Monday, May 30, 2022

History of Haiti; history of journalism

Things you can learn on Twitter:  The New York Times recently published a long and powerful analysis of how the preservation of Haitian independence in the early nineteenth century obliged its new black-majority government to accept a punishing regime of huge reparations to former slave-owners, debts that continued into the twentieth century. The payments, argue, crippled the Haitian economy for generations and helped drive the state into its seemingly permanently impoverished situation.

Powerful story -- but one that produced a wave of Twitter pushback. Historians, many of them Haitian, who have written extensively about this for decades, had even sent the Times journalists to the experts and archives they needed -- only to have the journalists declare they were presenting "a story rarely taught or acknowledged." They have been a little irritated, let us say, that only mention of historians in the story is a claim that "leading historians" have declared the Times story entirely new and entirely the work of journalists. 

The New York Times spent months sifting through thousands of pages of original government documents, some of them centuries old and rarely, if ever, reviewed by historians.


I read that NYT story on Haiti last night and literally LOLed when they said "historians had never" explored the topic. Ridiculous.  @lmacthompson1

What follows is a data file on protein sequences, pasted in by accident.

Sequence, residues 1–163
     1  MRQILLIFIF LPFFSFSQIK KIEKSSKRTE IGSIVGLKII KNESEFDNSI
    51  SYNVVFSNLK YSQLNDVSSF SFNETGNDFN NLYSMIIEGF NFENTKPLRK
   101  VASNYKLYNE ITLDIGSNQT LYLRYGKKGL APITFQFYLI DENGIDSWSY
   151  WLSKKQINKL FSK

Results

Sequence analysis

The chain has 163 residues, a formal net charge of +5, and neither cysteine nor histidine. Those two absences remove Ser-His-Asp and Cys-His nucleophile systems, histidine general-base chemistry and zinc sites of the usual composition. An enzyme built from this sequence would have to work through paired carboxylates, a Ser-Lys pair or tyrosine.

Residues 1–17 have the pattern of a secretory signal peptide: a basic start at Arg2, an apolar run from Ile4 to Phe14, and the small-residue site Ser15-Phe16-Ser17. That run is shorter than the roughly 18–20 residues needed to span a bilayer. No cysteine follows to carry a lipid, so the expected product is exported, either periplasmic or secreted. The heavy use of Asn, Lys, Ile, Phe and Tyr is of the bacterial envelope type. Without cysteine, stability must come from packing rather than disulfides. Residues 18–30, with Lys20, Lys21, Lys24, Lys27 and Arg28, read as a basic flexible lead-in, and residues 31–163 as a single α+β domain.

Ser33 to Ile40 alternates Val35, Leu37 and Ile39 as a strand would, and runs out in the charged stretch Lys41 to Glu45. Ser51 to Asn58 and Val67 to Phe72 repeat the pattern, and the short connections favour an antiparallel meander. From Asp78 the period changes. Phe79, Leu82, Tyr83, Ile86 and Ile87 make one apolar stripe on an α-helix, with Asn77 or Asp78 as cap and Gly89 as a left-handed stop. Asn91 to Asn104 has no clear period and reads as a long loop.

The NYT hasn’t dug this up themselves, and they appear to have been quite light (understatement) in their crediting of Haitians and historians of Haiti. And also, now far more people will know something that France has wanted to remain obscure.  @cfryar
I think it's good that the NYT is publishing this. I think it's important to know that Haitians and scholars of Haiti have been screaming about it for generations.  @nanjala1

(The blogging software I use and Twitter seem to be at odds again, otherwise I'd embed these tweets properly.) 

The Times has now produced a 5400 word bibliography of sources, "to give credit to historians and researchers whose work formed essential building blocks for our stories," and crediting "hundreds of books and articles" that underpin the story. But that's hardly the message in the story itself.

D'ya ever think people who shout "it's not in the history books" probably don't read history books much?

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